Yes, I expected to cop a fair bit of slack on this video for it being too “long”. People know my usual response to that…

Awesome!
Im studying power electronics right now, I have an exam next tuesday. In particular Im solving an exercice about a buck/boost converter. I just made a break to see whats new on my “google reader” and there you are talking about dc/dc converters for more than an hour! eheh

Also, few time ago, and for the first time, I had to choose an appropriate dc/dc converter for a portable device Im developing in the university and it was a pain… There are so many choices that it wasn’t easy to select the “best one”. I took a TPS63001 from TI and until now Im happy with that. But I wish I had seen this video before it, it would be a lot easier!

Thanks for all your videos. I really appreciate them!

Cheers from Portugal

• Jason

Interesting, but at the same time so very, very boring and tedious.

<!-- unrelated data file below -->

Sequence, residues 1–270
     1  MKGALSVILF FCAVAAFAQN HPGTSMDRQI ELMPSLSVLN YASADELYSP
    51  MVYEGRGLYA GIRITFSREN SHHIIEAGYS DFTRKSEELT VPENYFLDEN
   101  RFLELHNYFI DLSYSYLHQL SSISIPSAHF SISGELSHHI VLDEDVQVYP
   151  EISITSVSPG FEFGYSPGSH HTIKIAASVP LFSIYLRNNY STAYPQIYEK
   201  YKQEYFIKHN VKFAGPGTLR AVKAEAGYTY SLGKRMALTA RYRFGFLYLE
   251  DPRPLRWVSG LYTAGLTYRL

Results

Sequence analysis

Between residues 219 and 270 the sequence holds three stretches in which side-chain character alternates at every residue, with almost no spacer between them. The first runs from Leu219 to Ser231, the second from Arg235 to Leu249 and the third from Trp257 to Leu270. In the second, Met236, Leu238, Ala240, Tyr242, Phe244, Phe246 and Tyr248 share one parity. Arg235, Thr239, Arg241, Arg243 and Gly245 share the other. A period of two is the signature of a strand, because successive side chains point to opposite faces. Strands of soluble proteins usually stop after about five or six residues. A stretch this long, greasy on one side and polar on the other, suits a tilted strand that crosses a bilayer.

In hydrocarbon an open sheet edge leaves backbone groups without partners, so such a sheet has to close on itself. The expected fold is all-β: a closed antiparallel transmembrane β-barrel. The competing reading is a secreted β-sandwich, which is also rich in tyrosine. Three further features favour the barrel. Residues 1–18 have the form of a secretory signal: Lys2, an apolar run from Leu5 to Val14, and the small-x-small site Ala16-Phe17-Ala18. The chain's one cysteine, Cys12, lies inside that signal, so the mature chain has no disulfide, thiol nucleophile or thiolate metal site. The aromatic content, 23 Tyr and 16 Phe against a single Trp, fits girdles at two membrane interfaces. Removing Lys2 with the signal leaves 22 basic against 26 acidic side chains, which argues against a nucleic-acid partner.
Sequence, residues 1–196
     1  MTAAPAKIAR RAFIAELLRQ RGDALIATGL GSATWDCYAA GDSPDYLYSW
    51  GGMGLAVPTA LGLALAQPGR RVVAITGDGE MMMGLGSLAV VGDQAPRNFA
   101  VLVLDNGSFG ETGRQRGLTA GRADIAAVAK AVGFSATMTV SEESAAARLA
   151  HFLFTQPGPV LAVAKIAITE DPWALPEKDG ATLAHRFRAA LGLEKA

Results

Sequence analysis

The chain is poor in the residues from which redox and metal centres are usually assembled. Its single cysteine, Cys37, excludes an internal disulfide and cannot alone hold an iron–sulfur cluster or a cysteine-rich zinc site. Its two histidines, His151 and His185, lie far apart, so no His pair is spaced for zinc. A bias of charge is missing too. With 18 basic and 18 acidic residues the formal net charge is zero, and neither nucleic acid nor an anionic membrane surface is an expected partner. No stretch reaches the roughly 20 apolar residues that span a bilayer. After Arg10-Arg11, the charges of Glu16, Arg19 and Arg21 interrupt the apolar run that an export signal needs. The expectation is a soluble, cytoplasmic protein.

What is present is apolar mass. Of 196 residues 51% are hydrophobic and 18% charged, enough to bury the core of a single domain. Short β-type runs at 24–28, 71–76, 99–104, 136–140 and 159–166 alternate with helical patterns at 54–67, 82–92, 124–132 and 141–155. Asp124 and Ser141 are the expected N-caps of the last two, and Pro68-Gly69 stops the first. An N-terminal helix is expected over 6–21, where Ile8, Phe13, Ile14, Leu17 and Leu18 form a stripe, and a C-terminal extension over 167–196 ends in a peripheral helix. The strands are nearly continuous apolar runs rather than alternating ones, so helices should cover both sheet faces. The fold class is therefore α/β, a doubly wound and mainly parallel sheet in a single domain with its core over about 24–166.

Oh and what’s with the smiley face at the bottom of the comment page.

• http://www.eevblog.com EEVblog

Interesting, but at the same time so very, very boring and tedious.

Congratulations, you just learned that searching through datasheets to find a suitable part can be boring and tedious.
You’re welcome.

• PelleMannen

Make a Joule Thief:
(however it works.. with just 1 transistor, 1 resistor, and 1 ferit inductor/transform thing)

Made simulations of this circuit that enabled it to generate 10.000V in 1/10s (from a 1.5V batteri).

• Drone

I enjoyed this. It wasn’t too long. I let it run and listened – glancing at the screen when necessary to see the graphs. It was fun feeling your pain Dave.

Show this video to an aspiring EE and they’ll end up in another major.